The Navy, to this day, refuses to acknowledge, let alone apologize, for the fact that at least 4 admiral-ranked officers, up through both King and Leahy, not only covered up the mistakes and incompetence of the local commanders, but sought to actively scapegoat McVay through false testimony, suppression of evidence, and actively colluding to influence the court martial.   There can be no excuse for their actions, no forgiveness, and a large black mark should be placed on their historical record:  Here is an Officer who so valued his own skin that he kicked a wounded subordinate to save himself from some embarrassment.  For that is exactly what they did:  for no reason other than to avoid some bad press (AFTER the war was over), the Navy sacrificed one of its own wounded members for political gain. I can think of nothing more despicable.

 

It's a nasty, disgusting stain on the Navy.  And one that needs to be continually thrown in their face until the institution admits its own guilt.  The clearing of McVay's record has come only through Civilians forcing the Navy to do so - first Congress, then the SecNav.  The Navy as an institution has refused to accept any responsibility for the entire farce.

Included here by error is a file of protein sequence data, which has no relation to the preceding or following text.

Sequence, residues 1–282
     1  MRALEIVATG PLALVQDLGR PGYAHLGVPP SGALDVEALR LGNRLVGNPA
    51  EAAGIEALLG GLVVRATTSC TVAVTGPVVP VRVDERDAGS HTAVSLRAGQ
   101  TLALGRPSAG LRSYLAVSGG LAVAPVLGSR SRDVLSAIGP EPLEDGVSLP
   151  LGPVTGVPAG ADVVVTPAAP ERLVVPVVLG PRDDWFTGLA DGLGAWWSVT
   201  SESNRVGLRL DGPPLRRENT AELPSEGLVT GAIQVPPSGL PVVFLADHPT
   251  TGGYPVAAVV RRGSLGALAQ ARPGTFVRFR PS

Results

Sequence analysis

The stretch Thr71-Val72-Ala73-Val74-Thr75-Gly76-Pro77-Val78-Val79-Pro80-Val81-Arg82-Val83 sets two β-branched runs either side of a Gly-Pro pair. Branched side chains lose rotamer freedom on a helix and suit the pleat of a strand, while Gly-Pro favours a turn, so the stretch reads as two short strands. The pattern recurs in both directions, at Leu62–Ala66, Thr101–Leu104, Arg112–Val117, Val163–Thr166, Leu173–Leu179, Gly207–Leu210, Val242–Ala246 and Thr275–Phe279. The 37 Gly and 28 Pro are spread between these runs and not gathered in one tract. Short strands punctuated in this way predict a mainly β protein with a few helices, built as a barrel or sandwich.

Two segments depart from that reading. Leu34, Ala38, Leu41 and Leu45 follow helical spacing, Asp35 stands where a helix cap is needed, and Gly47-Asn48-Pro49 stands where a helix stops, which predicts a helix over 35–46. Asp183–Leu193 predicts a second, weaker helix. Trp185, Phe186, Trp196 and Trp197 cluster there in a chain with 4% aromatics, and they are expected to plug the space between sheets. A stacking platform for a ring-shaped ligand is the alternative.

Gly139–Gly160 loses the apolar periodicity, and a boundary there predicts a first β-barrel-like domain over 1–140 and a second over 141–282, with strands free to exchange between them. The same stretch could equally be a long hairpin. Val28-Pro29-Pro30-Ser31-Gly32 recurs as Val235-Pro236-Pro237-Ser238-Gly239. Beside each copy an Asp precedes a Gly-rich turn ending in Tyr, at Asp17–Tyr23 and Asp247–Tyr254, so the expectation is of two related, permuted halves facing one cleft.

Edited by EAnybody

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It's the same Navy that came up with that bogus story of sabotage on the Iowa when Turret 2 blew up.  It was simple human error that caused it.  The Navy didn't want to admit it and came up with the ridiculous story, and never really has admitted it was bogus.  

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McVay was the only WW2 Captain who lost his ship and was Court-Marshaled for it.

 

Think about that, all those ships we lost during the course of the war, around 400, even those at Pearl Harbor, and not one commanding officer was Court-Marshaled over the loss.